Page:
When Magnus Magnusson presented him with the engraved glass bowl, he recalled that in an earlier edition Geoff had said he had two ambitions: to win Mastermind and to live to be a hundred, and went on “Good luck with the second, you’re nearly there.” I think Geoff muttered “...just ten years”, but I’m not sure.

Anyway, if he does make a century I bet that by then he will still have better recall and reaction speed than most of us had in our twenties. Not fair, is it? Still, he is losing his hair.

* I was right.

Wednesday, 15 November 2006

Mid-term elections

A friend, knowing of my interest in things American, asked me today why Other Men's Flowers has had nothing to say about last week’s elections.

The reason is simply that the media—at any rate the parts that I follow—have for the past week been bursting with expert, wise, perceptive and thoughtful comment on the results, and it is not for me, a specialist in the trivial, facetious and frivolous, to add my two pennyworth.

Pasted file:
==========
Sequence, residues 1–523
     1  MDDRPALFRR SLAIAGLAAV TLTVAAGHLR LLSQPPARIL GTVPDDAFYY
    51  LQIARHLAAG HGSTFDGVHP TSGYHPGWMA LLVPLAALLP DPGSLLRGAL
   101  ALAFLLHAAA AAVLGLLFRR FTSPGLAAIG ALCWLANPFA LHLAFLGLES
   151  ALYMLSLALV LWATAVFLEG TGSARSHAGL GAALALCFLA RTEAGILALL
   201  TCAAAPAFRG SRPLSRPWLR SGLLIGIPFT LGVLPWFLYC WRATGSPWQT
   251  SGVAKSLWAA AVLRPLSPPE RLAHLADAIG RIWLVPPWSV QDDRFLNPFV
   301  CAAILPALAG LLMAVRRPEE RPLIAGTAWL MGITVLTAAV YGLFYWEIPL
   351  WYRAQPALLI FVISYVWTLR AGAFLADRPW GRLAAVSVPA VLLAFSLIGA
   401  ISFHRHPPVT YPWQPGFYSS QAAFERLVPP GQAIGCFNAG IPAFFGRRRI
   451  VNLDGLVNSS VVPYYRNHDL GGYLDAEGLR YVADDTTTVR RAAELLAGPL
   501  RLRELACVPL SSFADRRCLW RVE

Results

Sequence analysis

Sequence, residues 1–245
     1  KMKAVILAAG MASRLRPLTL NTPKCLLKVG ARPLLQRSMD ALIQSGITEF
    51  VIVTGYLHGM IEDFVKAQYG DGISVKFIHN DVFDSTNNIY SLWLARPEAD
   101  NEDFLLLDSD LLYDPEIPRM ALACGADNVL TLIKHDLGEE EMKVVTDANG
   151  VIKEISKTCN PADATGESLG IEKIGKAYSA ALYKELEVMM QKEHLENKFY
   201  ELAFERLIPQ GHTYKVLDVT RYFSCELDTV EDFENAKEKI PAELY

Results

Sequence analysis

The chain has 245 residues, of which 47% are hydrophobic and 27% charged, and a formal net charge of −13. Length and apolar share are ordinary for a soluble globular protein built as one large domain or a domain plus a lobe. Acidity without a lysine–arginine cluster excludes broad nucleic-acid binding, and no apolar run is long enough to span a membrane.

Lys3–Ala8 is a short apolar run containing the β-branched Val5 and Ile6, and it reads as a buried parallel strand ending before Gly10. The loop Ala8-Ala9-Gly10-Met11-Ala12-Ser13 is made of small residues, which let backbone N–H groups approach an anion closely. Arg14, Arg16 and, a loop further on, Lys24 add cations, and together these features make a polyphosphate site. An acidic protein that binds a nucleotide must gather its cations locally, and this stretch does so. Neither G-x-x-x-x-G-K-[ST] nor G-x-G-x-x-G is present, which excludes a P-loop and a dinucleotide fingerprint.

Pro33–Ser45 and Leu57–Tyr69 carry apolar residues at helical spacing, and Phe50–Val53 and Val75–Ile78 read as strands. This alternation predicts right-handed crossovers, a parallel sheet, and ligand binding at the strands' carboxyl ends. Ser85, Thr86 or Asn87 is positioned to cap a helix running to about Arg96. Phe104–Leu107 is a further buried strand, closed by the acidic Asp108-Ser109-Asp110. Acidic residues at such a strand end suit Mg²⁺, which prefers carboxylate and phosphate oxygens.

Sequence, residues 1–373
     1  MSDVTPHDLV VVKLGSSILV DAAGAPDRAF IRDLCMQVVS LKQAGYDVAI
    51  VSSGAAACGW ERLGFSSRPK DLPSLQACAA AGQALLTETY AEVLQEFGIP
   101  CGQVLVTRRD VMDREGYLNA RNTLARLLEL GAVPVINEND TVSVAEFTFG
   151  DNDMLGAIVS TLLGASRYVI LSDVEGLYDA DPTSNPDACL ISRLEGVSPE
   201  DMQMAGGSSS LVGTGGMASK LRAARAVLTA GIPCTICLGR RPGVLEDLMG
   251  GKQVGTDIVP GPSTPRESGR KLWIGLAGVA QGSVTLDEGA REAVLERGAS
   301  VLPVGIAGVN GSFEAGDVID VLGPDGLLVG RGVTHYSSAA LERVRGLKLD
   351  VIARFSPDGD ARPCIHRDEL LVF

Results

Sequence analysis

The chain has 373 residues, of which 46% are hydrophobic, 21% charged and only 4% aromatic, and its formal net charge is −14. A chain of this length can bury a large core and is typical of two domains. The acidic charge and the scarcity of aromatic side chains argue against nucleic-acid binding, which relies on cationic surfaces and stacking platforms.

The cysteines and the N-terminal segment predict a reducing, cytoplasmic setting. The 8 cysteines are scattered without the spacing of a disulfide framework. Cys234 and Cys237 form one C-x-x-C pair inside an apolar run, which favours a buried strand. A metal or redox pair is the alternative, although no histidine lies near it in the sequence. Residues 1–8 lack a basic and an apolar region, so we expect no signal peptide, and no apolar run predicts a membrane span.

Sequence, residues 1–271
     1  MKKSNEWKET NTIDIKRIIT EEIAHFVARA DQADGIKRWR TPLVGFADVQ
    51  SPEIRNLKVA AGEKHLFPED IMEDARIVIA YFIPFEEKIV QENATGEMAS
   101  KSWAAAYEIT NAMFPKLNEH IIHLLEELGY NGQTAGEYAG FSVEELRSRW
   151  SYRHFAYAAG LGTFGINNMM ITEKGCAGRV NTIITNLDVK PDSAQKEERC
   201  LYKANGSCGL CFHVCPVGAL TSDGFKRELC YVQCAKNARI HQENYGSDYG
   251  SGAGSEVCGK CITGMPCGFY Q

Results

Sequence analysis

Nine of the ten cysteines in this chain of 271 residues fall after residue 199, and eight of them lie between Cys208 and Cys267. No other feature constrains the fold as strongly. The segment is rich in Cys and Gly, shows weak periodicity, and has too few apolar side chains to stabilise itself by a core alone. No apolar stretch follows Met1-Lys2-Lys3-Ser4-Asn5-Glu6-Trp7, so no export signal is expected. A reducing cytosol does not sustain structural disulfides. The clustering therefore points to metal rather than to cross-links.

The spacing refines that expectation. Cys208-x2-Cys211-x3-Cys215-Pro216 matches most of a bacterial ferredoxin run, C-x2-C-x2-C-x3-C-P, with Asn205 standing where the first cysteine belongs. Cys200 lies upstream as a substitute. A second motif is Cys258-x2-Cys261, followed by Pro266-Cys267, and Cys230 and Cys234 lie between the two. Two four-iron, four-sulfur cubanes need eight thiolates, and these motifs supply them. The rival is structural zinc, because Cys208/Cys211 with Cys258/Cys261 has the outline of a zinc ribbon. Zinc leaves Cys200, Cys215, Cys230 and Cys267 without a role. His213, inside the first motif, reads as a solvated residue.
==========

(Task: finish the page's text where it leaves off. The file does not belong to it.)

But I must say that I have been humming a merry tune for several days now. Every week or two I participate in an online poll (they give you 50p each time!), and a recurring question is: How positive do you feel about the way things are going in the world? (answer 0 for not at all, 9 for extremely positive). My answer has usually been 2, but in future it will be 6 (not 9, because Blair is still there and we have no Congress to restrain his idiocy).

Monday, 13 November 2006

Special Note: there are no special notes on this page

I like self-referential jokes like that one, and the sign that reads: It is forbidden to throw stones at this sign.

Here is another one I saw in an illustration of a British-born rabbi’s office in Berlin. It may well be a Hassidic joke from the beginning of time, but it was new to me.